Women Truck Drivers

With great strides being made in the trucking industry, more women are attending CDL training schools to get their Class A CDL. Women truck drivers are very capable and a great asset to an industry in need of well trained, high performing truck drivers.

Across the United States, nearly 200,000 women have made truck driving their career. They make up to 4.7% of the driver force, a number that continues to grow. Some female truck drivers enter the industry because a family member was a trucker, others are enticed by the call of the open road, flexible schedules, job availability and competitive salaries.

Money is the most common reason for women to begin a trucking career. Due to the level playing field and the “equal pay for equal work” concept, many women choose trucking after their kids are grown or after a divorce. A woman who is married to a trucker may decide to get her CDL and team drive with her husband, allowing the couple to make more money while still spending time together.

Another benefit to women truck drivers is that the trucking industry likes to promote within. Women who start off in truck driving may eventually work in positions other than driving. Women have the opportunity to be involved in dispatch, sales, marketing, recruiting, management and owning their own fleet.

Being a female truck driver in a predominantly male industry presents its own unique set of issues and circumstances. To avoid uncomfortable situations, women and men truck drivers should follow these steps:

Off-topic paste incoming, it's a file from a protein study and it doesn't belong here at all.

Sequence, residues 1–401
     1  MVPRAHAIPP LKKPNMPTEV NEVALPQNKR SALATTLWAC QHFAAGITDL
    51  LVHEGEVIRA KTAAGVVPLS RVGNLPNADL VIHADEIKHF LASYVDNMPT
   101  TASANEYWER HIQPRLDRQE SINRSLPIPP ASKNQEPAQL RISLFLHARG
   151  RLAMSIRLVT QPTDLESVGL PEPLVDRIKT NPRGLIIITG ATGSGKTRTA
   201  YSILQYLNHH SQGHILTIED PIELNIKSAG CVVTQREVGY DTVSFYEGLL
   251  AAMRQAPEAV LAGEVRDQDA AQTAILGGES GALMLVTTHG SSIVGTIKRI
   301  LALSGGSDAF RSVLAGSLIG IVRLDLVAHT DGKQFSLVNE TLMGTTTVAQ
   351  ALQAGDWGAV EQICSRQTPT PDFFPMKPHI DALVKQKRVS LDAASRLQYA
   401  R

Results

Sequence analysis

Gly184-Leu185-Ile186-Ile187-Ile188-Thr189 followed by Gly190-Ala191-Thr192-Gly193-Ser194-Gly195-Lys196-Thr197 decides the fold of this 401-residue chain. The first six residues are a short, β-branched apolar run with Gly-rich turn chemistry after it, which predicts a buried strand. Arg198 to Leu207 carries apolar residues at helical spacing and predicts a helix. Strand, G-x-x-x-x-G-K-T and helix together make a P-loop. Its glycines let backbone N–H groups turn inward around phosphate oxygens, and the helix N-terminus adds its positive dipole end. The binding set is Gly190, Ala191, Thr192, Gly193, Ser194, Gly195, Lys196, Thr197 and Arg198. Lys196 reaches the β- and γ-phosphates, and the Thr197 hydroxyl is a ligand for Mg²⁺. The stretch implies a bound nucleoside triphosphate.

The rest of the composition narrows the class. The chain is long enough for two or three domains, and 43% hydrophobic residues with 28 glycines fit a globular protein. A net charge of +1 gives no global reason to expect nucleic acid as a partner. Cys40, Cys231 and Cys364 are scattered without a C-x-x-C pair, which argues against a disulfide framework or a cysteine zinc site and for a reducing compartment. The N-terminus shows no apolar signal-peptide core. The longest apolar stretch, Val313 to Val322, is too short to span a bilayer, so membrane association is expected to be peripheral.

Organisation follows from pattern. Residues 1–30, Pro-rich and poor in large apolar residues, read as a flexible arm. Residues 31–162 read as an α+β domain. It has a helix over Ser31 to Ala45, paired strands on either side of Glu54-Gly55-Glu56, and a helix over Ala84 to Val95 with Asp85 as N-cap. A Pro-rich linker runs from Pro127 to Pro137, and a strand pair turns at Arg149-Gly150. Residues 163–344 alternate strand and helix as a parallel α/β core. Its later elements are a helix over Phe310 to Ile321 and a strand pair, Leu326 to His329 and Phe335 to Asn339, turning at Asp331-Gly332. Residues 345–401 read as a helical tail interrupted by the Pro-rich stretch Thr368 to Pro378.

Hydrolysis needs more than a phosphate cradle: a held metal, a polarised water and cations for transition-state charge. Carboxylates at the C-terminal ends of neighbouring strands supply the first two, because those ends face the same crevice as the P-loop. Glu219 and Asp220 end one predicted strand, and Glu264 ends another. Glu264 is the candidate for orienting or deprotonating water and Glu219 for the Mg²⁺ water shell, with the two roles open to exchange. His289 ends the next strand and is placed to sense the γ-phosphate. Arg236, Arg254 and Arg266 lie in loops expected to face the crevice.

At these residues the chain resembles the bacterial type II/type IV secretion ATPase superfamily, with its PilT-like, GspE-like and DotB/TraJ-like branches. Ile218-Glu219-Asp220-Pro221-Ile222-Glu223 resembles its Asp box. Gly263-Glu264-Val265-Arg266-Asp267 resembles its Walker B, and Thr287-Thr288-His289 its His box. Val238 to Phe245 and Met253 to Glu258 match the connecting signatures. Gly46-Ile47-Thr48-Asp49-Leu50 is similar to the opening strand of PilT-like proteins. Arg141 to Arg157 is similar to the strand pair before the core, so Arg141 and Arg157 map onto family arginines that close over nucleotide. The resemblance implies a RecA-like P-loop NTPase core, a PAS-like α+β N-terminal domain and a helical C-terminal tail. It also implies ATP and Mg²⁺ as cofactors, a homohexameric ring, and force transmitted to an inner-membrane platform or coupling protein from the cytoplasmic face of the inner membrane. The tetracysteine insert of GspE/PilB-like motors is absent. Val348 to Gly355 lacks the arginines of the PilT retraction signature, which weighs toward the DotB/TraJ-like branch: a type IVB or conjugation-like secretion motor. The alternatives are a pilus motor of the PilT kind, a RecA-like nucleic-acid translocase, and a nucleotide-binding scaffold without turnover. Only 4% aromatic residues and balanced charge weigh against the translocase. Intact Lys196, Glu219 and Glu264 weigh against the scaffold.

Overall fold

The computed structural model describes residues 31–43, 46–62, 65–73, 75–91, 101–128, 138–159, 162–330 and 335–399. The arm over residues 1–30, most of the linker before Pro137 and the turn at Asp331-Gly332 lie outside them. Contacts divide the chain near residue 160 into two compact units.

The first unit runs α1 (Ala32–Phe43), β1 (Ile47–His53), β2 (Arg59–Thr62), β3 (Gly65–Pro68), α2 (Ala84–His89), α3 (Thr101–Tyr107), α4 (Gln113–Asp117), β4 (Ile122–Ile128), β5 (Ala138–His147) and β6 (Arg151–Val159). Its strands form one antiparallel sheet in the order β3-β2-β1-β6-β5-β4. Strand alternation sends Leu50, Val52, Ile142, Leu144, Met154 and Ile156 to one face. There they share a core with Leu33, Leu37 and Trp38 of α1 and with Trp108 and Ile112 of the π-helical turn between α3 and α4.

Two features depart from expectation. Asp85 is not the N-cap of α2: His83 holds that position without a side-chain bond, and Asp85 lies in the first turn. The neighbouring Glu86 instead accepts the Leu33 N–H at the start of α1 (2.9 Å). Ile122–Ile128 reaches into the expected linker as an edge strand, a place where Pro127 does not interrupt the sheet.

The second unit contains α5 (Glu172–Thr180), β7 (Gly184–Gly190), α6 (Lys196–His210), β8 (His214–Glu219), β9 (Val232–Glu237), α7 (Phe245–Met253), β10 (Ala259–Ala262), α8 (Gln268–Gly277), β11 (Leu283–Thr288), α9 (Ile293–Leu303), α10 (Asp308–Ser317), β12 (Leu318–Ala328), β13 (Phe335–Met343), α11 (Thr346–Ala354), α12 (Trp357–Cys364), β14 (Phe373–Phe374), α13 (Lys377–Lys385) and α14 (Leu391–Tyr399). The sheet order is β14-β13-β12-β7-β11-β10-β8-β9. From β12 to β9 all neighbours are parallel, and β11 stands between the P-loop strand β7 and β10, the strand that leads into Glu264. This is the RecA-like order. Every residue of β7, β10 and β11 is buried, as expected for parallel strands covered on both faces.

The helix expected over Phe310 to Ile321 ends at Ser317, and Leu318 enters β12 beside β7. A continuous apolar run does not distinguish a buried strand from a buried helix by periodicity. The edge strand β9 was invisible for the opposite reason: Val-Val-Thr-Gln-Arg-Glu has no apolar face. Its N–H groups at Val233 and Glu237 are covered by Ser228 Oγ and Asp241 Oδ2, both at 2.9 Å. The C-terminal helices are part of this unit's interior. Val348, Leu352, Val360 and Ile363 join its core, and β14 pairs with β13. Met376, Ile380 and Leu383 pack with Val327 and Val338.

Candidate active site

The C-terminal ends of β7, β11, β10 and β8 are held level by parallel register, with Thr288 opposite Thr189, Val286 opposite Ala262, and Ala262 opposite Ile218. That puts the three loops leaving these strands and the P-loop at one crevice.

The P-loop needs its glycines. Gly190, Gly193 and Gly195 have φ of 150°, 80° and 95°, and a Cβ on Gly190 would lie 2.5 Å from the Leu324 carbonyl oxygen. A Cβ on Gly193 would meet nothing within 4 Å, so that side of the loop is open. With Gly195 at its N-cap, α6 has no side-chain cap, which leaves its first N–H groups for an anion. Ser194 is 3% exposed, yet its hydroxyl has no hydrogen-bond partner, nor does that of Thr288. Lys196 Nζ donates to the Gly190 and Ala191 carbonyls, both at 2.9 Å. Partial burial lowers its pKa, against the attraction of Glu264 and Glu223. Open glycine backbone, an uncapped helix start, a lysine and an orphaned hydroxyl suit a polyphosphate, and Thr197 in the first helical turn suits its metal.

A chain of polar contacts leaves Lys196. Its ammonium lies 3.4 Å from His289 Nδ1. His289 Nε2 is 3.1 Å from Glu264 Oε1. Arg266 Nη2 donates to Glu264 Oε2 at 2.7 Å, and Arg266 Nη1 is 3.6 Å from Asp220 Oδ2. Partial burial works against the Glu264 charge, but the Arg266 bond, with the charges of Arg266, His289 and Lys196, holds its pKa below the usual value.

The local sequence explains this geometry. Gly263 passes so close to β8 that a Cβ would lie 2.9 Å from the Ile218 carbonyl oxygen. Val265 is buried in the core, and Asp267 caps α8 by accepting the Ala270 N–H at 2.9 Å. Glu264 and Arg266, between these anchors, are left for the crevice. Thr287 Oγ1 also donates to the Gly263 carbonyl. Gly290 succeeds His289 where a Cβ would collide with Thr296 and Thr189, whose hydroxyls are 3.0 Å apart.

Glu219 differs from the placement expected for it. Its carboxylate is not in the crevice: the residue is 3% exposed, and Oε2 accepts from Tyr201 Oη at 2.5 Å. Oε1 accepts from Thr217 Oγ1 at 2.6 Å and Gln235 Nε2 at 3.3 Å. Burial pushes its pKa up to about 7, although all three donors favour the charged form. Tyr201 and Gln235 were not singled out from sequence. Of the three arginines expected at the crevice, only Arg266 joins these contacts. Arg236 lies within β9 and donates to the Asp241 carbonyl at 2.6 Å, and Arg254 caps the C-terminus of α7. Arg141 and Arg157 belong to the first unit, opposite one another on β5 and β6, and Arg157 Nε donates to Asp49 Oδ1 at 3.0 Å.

• Act professional. Have and project self-confidence in your job and your abilities. Utilize good eye contact and maintain a professional demeanor.
  • Avoid danger. Never advertise that you are alone. Always know your surroundings and always follow your gut instinct.
  • Remain calm in emergency situations. Breakdowns will happen. When they do, notify your driver manager or company’s repair shop. In the event of an emergency, notify the appropriate personnel. If possible, stay with your truck and trailer and never climb into a stranger’s vehicle.
  • Don’t take shortcuts. While back roads can shorten long trips, back roads are not always well maintained and it’s easy to get lost. In addition, most back roads do not have places to accommodate parking or fueling and emergency personnel are not readily available.
  • Plan your trips. Before heading out, plan your trip well. Obtain your own set of driving instructions instead of relying on someone else’s interpretation of how to get from point a to point b.
  • Always be visible. Park at the front of the truck stop and under a light post whenever possible and always make sure to lock your doors.

CDL Training Today knows that women make great professional truck drivers and would like to increase the opportunities for women in the trucking industry. Fill out our quick form at the top of this page for more information!

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List of Skilled Trades for Women